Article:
In 1870, 21-year-old Jacob Riis immigrated from his home in Denmark to bustling New York City. With only $40, a gold locket housing the hair of the girl he had left behind, and dreams of working as a carpenter, he sought a better life in the United States of America. Unfortunately, when he arrived in the city, he immediately faced a myriad of obstacles.
Like the hundreds of thousands of other immigrants who fled to New York in pursuit of a better life, Riis was forced to take up residence in one of the city's notoriously cramped and disease-ridden tenements. Living in squalor and unable to find steady employment, Riis worked numerous jobs, ranging from a farmhand to an ironworker, before finally landing a role as a journalist-in-training at the New York News Association.
As he excelled at his work, he soon made a name for himself at various other newspapers, including the New-York Tribune where he was hired as a police reporter. Faced with documenting the life he knew all too well, he used his writing as a means to expose the plight, poverty, and hardships of immigrants. Eventually, he longed to paint a more detailed picture of his firsthand experiences, which he felt he could not properly capture through prose. So, he made a life-changing decision: he would teach himself photography.
Riis soon began to photograph the slums, saloons, tenements, and streets that New York City's poor reluctantly called home. Often shot at night with the newly-available flash function—a photographic tool that enabled Riis to capture legible photos of dimly lit living conditions—the photographs presented a grim peek into life in poverty to an oblivious public.
In 1890, Riis compiled his photographs into a book, How the Other Half Lives: Studies Among the Tenements of New York. Featuring never-before-seen photos supplemented by blunt and unsettling descriptions, the treatise opened New Yorkers' eyes to the harsh realities of their city's slums. Since its publication, the book has been consistently credited as a key catalyst for social reform, with Riis' belief “that every man’s experience ought to be worth something to the community from which he drew it, no matter what that experience may be, so long as it was gleaned along the line of some decent, honest work” at its core.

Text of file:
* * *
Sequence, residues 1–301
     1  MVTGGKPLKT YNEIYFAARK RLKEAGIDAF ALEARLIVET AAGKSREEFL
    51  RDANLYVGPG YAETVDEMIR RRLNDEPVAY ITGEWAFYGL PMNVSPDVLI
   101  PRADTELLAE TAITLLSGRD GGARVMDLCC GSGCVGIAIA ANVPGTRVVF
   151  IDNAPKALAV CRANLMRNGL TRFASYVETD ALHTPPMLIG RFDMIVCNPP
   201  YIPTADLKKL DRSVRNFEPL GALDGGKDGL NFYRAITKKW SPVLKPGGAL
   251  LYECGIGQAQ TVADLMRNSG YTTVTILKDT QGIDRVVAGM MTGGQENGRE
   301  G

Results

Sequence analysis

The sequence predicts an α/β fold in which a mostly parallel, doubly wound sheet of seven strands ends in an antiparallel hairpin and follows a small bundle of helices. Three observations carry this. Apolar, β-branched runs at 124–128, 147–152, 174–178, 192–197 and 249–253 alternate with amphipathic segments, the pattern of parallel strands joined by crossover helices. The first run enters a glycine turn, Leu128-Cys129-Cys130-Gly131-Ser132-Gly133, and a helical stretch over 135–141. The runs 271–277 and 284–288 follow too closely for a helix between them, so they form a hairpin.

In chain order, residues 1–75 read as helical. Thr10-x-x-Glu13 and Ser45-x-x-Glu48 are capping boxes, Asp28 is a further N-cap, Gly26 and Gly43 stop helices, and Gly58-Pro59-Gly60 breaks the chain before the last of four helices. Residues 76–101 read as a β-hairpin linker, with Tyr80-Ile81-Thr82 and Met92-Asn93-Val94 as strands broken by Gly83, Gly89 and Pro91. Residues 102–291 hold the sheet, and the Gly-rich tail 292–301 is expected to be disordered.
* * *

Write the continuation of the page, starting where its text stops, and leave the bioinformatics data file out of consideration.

Making Social Change
Perhaps ahead of his time, Jacob Riis turned to public speaking as a way to get his message out when magazine editors weren't interested in his writing, only his photos. Thus, he set about arranging his own speaking engagements—mainly at churches—where he would show his slides and talk about the issues he'd seen. Though this didn't earn him a lot of money, it allowed him to meet change makers who could do something about these issues. Notably, it was through one of his lectures that he met the editor of the magazine that would eventually publish How the Other Half Lives.
Once How the Other Half Lives gained recognition, Riis had many admirers, including Theodore Roosevelt. Though not yet president, Roosevelt was highly influential. In fact, when he was appointed to the presidency of the Board of Commissioners of the New York City Police Department, he turned to Riis for help in seeing how the police performed at night. While out together, they found that nine out of ten officers didn't turn up for duty. After Riis wrote about what they saw in the newspaper, the police force was notably on duty for the rest of Roosevelt's tenure.
Riis was also instrumental in exposing issues with public drinking water. In a series of articles, he published now-lost photographs he had taken of the watershed, writing, “I took my camera and went up in the watershed photographing my evidence wherever I found it. Populous towns sewered directly into our drinking water. I went to the doctors and asked how many days a vigorous cholera bacillus may live and multiply in running water. About seven, said they. My case was made.” His article caused New York City to purchase the land around the New Croton Reservoir and ensured more vigilance against a cholera outbreak.
His writings also caused investigations into unsafe tenement conditions. This resulted in the 1887 Small Park Act, a law that allowed the city to purchase small parks in crowded neighborhoods.
Jacob Riis' Legacy
Riis' work became an important part of his legacy for photographers that followed. As a pioneer of investigative photojournalism, Riis would show others that through photography they can make a change. American photographer and sociologist Lewis Hine is a good example of someone who followed in Riis' footsteps.
In the early 20th century, Hine's photographs of children working in factories were instrumental in getting child labor laws passed. Riis' influence can also be felt in the work of Dorothea Lange, whose images taken for the Farm Security Administration gave a face to the Great Depression.
Jacob Riis' interest in the plight of marginalized citizens culminated in what can also be seen as a forerunner of street photography. Acclaimed New York street photographers like Camilo José Vergara, Vivian Cherry, and Richard Sandler all used their cameras to document the grittier side of urban life. In their own way, each photographer carries on Jacob Riis' legacy.